In a new plateau in the PC agenda, a move critics are calling a “travesty,” the city of Oakland, California, is encouraging former convicts to apply for positions on the city’s new police oversight commission.
A notice posted on the city’s website advertising the open commission slots reads: “Must be an Oakland resident. Must be at least 18 years old. Formerly incarcerated individuals encouraged to apply.”
What’s more, the voter-approved measure that created the commission prohibits current and former Oakland police officers, as well as police union employees, from serving.
Jeff Roorda, a retired police officer and four-term Missouri state representative, said this move borders on insulting.
“It’s a travesty, but it’s not surprising in the era we’re living in,” he told WND. “Cops aren’t afraid of oversight, but is it really oversight when you’re putting the convicts that these guys are sworn to protect us against in charge of telling them what they’ve done right and wrong?”
Roorda, who wrote the book “The War on Police: How the Ferguson Effect is Making America Unsafe,” said Oakland’s decision is part of the war on police. He said anti-police bias is likely to be a problem for any former inmates appointed to the commission.
“That bias is quite different when you’re talking about cops analyzing the situations that other cops find themselves in versus looking at it through the eyes of a criminal, a convicted criminal,” the former officer said. “It’s one thing to have people providing oversight that can relate to the very difficult job that police officers do and understand the challenges they face, versus somebody tainted by the fact that they had to pay a price for their misdeeds.”
Veteran journalist and author Cheryl Chumley, who wrote the book “Police State USA,” nevertheless said Oakland’s effort to recruit ex-cons to oversee the police sounds like a bad idea.
“Former police need not apply – but former inmates should? Tell me that doesn’t reek of an agenda, and a misplaced one at that,” Chumley told WND. “Given the majority of inmates in America’s prison systems are black and minorities, you don’t have to be a prophet to predict where this is headed – right down a path of Black Lives Matter-type revenge on police.
“It sounds like the city’s looking for commission members who are akin to former U.S. Attorney General Eric Holder – individuals who will put skin color at the top of the checklist and mete out policing policies and recommendations based on personal assumptions about race.”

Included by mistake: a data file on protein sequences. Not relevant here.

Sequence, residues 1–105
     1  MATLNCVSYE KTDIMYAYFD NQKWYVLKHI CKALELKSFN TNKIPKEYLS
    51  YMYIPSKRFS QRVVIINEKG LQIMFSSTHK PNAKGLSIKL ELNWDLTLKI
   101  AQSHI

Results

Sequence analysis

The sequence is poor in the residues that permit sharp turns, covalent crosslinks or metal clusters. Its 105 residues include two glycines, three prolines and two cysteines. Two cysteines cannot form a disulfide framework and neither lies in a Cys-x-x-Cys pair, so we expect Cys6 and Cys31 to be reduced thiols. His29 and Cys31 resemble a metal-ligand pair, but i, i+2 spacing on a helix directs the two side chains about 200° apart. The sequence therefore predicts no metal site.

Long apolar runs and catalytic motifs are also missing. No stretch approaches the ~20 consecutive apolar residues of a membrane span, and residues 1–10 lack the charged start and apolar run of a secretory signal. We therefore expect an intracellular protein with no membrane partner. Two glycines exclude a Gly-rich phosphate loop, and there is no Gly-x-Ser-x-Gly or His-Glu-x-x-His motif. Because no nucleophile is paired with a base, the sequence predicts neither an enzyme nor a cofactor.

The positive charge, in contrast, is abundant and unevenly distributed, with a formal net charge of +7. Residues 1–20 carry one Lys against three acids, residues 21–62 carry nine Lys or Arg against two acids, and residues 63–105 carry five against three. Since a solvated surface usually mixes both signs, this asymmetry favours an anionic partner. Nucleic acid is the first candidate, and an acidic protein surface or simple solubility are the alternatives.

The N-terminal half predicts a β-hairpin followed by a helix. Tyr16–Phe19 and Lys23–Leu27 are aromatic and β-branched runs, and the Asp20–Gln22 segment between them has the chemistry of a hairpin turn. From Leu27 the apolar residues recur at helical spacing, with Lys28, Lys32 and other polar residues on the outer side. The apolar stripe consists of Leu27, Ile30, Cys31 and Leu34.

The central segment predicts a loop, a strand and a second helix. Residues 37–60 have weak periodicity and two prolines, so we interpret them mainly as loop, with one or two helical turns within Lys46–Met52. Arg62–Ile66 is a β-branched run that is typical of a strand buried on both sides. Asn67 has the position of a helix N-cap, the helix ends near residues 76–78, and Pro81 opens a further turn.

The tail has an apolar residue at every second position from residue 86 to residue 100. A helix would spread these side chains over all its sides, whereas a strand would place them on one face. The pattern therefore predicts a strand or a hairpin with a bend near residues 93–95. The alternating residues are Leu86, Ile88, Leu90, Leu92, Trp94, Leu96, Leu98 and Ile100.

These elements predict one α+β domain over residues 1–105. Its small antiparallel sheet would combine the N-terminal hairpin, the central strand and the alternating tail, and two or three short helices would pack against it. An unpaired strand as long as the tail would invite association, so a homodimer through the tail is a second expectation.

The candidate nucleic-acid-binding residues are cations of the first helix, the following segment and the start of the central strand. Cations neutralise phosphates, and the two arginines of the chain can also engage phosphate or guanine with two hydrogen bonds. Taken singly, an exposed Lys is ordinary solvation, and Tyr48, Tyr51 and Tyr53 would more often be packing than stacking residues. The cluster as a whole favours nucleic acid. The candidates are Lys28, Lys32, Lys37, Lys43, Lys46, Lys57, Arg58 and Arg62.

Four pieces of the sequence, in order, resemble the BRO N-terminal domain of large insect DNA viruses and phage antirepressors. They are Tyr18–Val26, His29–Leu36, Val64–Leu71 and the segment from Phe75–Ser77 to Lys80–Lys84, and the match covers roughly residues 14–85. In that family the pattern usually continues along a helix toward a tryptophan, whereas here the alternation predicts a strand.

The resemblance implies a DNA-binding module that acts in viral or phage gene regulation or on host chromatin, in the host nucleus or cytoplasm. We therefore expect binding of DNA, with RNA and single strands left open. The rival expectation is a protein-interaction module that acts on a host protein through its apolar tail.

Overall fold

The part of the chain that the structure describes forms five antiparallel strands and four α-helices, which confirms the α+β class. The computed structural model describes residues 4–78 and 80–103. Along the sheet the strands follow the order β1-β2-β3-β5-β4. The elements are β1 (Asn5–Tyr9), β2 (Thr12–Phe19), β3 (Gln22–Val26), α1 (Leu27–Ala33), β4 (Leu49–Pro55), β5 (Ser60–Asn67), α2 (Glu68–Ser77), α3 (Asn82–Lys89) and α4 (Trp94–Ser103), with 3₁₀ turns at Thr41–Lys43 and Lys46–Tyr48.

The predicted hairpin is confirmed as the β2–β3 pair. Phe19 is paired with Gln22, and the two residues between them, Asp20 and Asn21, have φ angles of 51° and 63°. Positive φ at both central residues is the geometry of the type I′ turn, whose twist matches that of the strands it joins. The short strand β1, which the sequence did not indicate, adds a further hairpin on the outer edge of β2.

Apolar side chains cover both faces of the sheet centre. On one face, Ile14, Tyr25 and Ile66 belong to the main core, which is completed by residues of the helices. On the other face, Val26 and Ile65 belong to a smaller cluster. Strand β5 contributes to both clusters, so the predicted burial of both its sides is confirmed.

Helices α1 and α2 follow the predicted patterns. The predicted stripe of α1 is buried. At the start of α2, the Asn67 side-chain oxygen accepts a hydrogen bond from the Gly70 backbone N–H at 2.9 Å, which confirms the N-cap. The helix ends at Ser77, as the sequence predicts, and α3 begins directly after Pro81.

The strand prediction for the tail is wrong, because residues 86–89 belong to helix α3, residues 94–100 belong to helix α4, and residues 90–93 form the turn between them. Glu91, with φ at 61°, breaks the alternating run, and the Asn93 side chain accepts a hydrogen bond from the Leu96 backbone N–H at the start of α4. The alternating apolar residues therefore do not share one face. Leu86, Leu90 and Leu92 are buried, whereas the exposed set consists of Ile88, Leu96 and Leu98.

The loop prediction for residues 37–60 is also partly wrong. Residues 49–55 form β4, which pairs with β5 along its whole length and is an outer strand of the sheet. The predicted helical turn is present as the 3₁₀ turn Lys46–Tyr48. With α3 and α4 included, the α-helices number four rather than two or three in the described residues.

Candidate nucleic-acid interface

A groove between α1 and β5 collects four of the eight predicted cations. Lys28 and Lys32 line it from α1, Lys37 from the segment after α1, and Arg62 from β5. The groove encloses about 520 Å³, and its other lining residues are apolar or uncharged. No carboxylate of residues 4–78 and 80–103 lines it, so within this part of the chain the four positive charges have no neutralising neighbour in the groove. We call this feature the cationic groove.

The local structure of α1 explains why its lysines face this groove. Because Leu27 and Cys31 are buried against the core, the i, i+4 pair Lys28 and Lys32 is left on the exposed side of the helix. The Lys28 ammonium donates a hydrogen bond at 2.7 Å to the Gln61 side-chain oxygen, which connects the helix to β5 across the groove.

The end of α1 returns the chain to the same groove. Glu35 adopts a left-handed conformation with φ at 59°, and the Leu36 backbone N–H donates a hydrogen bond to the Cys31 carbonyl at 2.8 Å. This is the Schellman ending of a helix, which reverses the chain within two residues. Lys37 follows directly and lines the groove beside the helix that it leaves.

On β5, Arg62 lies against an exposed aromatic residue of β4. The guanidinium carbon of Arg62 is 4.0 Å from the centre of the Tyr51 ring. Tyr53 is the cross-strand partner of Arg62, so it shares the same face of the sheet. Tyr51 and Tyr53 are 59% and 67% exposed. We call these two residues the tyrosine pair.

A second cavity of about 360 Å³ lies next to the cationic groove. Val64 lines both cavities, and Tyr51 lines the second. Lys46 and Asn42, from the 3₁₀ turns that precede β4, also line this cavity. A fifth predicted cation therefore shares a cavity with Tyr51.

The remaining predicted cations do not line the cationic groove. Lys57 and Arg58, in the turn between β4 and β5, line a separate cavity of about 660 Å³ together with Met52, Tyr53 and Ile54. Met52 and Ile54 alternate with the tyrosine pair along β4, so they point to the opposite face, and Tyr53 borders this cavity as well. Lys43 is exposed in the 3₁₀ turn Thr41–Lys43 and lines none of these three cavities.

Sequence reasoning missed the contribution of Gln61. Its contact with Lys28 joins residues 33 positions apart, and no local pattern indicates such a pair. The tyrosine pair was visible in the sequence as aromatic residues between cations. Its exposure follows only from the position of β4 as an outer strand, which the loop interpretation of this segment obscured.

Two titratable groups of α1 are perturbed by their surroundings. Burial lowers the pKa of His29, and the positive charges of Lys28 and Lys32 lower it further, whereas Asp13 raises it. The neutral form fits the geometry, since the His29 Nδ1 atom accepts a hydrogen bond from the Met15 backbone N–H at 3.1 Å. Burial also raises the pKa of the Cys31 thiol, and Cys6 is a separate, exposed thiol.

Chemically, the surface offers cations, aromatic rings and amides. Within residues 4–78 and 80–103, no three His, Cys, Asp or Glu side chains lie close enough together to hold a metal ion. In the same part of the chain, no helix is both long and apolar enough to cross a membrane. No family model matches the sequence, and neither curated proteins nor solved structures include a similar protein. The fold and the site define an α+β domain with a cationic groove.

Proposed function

Roorda, on the other hand, does not think race is a major factor in the case.
“Everybody that’s been behind bars thinks that they were wronged by the system, but we’ve got to start at a place where you have confidence in the system in order to improve it, and if you just don’t believe the system can work at all, which is the way ex-cons see it, then how do you address the problems that might exist in law enforcement?” he reasoned.
Independent writer, producer and WND columnist Jack Cashill said Oakland is the wrong place to put ex-cons in charge of police oversight due to the city’s tense recent history of police-community relations. It was only eight years ago, on New Year’s Day 2009, that a BART police officer fatally shot Oscar Grant III, a young unarmed black man believed to be involved in a fight on a train. The officer claimed he thought he was using his taser gun, not his handgun.
“In a saner environment, there might be some logic to putting ex-cons on a police oversight commission, but Oakland is no one’s idea of a sane environment,” Cashill told WND. “A few years back, city residents howled for the head of a cop who made an honest mistake in the shooting death of a young black troublemaker [Grant] at the Fruitvale BART Station. They made a movie about the young man and sent the cop to prison. In Oakland, this is a bad idea.”
The commission’s nine members and two alternates will be selected by the mayor and an eight-member civilian selection panel. Tal Klement, a deputy public defender serving on the civilian selection panel, said encouraging former convicts to apply is in the spirit of the ballot initiative the created the oversight commission.
“Part of the measure itself said they were looking for people who had experienced police contact, and obviously if you are formally incarcerated, you have experienced police conduct and potential misconduct as well,” Klement said, according to the San Francisco Chronicle.
Chumley, however, rejects that notion.
“Seeking out felons to fill the slots of a police commission is just offensive,” she opined. “It’s a slap in the face to law and order – to the police who work hard to root out crime on a daily basis. The slap especially stings when it comes to the ‘No Police Need Apply’ sign that’s hung alongside the application ad. The message is: Criminals, not cops, know best how to police. And that’s simply ridiculous.
“Former convicts can weigh in any time on how the police are doing. It’s called a telephone, and they can pick it up and call their city representatives, their city departments, their city law enforcement officials, and provide feedback, both positive and negative. They don’t need to be given a special reach-out – and they certainly don’t need to be put in a position of authority or influence, where they actually have occasion to influence how policing is conducted.”